The clothing industry worldwide has long been notorious for wastefulness and pollution in its manufacturing processes. It’s great to see that many companies are now starting to turn that around with imaginative, effective initiatives we can all applaud. Here are four examples that recently caught our eye.

Less Is More


AG Jeans used to consume 1.4 million litres of water per day at its factories in Los Angeles and Mexico. As of January 2019, a new water filtration system recycles every drop (except the 4,500 litres lost to evaporation) and no waste water is released back into the sewage system or the ocean.

Save The Sea


Paul & Shark has long had a connection to the sea – its luxury sportswear was first developed for yachtsmen. The Italian company’s latest project brings artist Annarita Serra to Harry Rosen’s Bloor Street West store in Toronto April 27th. There, Serra will publicly create a collage of a shark using solid waste collected from local waterways, drawing attention to the pollution of the planet’s oceans, rivers and lakes. We will sell special cotton T-shirts and polyester bombers made from recycled plastic bottles to raise funds for local charity Swim Drink Fish. The event marks the first anniversary of Paul & Shark’s shop inside the store.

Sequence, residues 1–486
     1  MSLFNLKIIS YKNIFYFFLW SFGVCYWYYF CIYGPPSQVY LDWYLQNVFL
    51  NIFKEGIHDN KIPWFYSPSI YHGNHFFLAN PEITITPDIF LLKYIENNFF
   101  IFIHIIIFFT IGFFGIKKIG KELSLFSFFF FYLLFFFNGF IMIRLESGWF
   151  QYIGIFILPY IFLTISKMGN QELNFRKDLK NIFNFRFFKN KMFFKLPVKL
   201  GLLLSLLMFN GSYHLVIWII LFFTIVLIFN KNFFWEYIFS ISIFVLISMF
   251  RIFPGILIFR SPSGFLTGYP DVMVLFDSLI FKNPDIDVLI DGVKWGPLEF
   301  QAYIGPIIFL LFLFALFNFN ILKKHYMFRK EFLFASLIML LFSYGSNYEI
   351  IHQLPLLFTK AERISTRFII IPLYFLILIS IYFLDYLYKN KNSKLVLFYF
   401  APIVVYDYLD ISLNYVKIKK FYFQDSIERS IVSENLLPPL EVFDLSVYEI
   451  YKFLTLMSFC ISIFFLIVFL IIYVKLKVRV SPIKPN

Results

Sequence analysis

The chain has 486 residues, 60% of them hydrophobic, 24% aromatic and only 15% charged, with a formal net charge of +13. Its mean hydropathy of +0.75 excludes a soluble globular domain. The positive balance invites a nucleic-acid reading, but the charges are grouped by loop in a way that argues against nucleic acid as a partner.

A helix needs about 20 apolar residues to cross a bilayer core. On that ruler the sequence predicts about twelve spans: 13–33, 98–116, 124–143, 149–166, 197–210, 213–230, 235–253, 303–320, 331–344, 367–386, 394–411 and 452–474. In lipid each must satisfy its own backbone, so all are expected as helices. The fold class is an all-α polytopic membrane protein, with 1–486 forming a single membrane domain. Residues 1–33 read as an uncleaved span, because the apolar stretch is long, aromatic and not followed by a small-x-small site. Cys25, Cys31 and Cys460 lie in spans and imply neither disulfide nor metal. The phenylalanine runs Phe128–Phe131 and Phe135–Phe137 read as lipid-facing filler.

Organic Jeans


Swedish denim company Nudie Jeans uses only organic cotton, grown without toxic chemicals or GMO seeds, to weave its denim. Add up all the other fabrics involved and a pair of Nudie jeans is 95.7 percent sustainable. Even the company’s patches, formerly made with leather, now use a vegan alternative derived from paper.

Sound Sourcing


Headquartered near Tamborine Mountain, Australia, Outland Denim takes great pains to source the most ethically and environmentally sound raw materials for its jeans. Dyes are natural, not synthetic. Zippers, thread, buttons, rivets and pocket linings come from companies recognized for their commitment to sustainability. Even Outland’s cloth-bag packaging is created from recycled paper.